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The play this season has been a bit erratic. The rumors of internal dissension have become, if not rampant, at least persistent.
And so, with 24 regular-season games remaining for the Utah Jazz after the All-Star break, hard-and-fast conclusions about this team remain frustratingly elusive and impalpable.
Are they talented enough to be legitimate contenders? Driven enough? Healthy enough? Focused enough?
Lingering over everything else that’s occurred in this maddeningly chaotic season thus far is the question of whether the interests of franchise tentpoles Rudy Gobert and Donovan Mitchell are aligned, whether they are capable of working symbiotically enough to help this team be a legitimate contender for an NBA championship.
In short: What on earth is going on inside that Vivint Arena locker room?
That’s the question that not only has the greatest capacity to define the outcome of this specific season, but to shape the future of the organization for years to come.
An early-February podcast including ESPN’s Brian Windhorst and Tim MacMahon characterized the All-Stars’ relationship as “back to being passively-aggressively awkward.” A little over a week later, a podcast featuring Sports Illustrated’s Howard Beck and Chris Mannix included the former saying the situation had deteriorated further still.
“I think they’re in trouble. I think they’re in trouble because this thing has run its course, and we know there are some tensions that are in that locker room,” Beck said. “I’ve been told recently that they might be a little worse than we’ve even been led to believe. And so, if this doesn’t end well this postseason, and there’s no reason to think that it will … those ‘Donovan Mitchell wants out’ rumors are going to be starting as soon as the season is over.”
Beck followed up with an article for SI that focused broadly on the consequences that “superstar empowerment” is having upon teams that suddenly find themselves out of favor with their key players, and almost casually mentioned that “team executives are already bracing (and/or plotting) for the next disenchanted star to ask out, with speculation focused on Zion Williamson in New Orleans, Damian Lillard in Portland and Donovan Mitchell in Utah.”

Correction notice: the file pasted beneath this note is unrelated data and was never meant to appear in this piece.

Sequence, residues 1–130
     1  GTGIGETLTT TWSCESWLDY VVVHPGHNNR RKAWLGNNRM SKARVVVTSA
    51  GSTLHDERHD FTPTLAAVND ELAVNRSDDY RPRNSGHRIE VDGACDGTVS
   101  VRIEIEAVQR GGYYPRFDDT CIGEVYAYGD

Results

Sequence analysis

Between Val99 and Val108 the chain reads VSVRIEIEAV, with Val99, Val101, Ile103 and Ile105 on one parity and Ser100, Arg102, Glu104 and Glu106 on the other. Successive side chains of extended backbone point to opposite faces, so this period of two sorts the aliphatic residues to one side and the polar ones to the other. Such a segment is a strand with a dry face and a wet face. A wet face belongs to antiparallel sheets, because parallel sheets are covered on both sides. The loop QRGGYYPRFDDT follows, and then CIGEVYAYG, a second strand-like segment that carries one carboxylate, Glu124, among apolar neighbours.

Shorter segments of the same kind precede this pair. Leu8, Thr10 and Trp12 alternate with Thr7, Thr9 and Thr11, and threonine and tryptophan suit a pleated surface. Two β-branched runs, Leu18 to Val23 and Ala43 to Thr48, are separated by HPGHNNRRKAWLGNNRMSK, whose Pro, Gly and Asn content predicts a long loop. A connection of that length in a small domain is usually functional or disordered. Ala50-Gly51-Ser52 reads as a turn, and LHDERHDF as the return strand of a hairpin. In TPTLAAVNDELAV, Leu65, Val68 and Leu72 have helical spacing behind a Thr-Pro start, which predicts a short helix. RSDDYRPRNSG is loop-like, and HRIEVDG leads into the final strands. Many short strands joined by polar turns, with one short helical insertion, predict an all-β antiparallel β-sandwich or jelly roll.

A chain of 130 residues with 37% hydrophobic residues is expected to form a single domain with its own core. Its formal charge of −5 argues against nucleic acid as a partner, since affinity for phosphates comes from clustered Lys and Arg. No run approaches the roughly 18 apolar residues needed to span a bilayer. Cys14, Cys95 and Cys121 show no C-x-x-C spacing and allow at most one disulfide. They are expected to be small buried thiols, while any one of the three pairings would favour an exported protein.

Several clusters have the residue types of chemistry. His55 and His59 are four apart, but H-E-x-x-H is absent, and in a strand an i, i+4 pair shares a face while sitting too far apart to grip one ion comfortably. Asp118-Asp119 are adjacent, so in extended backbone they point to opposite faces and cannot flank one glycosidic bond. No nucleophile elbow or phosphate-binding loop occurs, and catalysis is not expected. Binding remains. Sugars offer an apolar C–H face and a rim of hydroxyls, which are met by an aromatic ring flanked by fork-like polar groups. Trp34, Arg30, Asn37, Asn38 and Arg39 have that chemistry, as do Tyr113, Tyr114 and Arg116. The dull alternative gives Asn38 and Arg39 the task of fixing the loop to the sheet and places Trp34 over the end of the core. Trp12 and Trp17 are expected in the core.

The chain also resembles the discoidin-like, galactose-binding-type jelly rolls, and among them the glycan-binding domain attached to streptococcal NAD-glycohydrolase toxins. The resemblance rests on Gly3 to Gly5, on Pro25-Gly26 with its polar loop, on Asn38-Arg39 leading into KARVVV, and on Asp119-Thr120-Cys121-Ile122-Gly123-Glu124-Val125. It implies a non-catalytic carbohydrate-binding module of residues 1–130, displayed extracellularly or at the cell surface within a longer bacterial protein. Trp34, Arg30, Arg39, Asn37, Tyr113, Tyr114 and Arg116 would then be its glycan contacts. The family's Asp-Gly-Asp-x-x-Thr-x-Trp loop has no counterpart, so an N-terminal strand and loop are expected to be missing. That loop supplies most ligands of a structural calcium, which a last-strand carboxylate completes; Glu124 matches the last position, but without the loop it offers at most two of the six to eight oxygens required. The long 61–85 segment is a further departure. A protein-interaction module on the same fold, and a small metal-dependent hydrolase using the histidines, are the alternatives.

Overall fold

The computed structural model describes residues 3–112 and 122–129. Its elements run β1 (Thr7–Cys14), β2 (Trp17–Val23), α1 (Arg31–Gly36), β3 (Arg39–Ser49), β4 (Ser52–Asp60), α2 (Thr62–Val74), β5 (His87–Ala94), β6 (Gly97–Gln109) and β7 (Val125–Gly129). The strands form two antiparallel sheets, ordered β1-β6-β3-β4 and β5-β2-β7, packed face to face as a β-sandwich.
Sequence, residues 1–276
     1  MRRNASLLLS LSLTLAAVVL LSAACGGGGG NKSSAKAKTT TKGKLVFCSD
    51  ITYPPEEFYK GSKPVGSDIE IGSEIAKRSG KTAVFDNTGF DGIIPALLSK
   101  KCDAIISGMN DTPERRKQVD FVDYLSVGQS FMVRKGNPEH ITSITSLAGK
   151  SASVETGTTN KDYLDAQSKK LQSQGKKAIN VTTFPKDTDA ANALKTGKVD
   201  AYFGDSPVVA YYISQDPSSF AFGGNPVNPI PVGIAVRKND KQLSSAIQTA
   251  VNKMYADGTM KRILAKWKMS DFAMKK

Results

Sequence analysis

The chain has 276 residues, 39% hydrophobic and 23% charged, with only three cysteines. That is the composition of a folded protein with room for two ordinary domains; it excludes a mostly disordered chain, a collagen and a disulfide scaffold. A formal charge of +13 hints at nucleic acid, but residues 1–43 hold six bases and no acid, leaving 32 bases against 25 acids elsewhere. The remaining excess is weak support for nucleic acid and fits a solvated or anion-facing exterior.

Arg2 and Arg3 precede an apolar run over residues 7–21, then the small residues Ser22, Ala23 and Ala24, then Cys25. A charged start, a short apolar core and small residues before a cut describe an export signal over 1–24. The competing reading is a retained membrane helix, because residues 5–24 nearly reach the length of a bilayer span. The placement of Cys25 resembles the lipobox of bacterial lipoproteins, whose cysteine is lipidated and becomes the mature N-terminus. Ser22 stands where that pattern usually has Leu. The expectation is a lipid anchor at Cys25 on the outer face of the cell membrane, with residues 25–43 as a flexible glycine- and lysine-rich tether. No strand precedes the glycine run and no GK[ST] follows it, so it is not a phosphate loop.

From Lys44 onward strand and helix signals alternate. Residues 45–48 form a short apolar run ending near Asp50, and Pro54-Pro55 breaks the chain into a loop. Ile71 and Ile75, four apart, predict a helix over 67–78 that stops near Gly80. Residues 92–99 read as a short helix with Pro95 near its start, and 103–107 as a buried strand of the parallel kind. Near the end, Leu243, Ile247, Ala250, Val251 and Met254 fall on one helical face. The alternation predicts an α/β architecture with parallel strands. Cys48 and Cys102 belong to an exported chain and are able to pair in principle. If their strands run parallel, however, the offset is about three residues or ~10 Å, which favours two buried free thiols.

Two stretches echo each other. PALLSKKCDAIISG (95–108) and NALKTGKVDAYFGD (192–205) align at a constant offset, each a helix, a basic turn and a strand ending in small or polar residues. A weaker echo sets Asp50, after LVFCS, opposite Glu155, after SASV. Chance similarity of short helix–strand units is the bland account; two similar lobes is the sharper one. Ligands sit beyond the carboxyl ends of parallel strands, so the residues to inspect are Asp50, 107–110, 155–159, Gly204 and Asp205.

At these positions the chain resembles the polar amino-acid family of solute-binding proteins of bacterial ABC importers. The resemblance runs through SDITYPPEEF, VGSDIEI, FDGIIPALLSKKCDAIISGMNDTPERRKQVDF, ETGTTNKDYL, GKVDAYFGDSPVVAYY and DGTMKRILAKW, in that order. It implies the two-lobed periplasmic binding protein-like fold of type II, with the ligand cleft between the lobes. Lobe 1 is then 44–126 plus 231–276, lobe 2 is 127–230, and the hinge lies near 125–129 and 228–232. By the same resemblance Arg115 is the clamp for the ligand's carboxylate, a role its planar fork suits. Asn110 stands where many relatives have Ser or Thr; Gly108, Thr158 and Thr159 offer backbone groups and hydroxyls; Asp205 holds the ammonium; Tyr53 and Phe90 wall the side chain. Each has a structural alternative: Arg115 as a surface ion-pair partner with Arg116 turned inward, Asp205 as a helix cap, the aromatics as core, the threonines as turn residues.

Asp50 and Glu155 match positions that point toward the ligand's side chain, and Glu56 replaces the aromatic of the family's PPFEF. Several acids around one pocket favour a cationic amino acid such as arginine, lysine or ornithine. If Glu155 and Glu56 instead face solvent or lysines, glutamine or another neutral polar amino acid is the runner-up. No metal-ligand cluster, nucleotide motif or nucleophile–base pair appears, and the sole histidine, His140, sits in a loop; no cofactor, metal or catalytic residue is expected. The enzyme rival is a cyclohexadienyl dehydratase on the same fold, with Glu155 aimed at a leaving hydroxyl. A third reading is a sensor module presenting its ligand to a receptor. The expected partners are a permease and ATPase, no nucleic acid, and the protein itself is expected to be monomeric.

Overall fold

Not good, right?
Then again …
It’s hardly nothing that the players involved continue to vehemently insist that there’s not even smoke, let alone fire.
“First of all, we’re good. I just want to go on record saying that,” Mitchell told Yahoo’s Chris Haynes in an exclusive interview during the All-Star break before an illness limited his further participation. “I think it’s interesting that that stuff happens, and [yet] him and I have never played at this high of a level together since we’ve been here. So I make the joke — for a group that [allegedly] hates each other, man, we’re playing pretty well. And we can be even better.”
Gobert concurred in an All-Star weekend media session in Cleveland, noting that while the two have their arguments like any teammates do, theirs mostly stem from trying to make each other better.
“We’re in a great place. Like everything, in every aspect of life, you always have some ups and downs. But for me, it’s try to keep having his back — try to have his back, try to keep pushing him to be the best he can be. And I expect the same from him,” Gobert said. “We keep trying to push each other, and we’re supporting each other. The team’s success is gonna start with us.”
If nothing else, they can agree on that.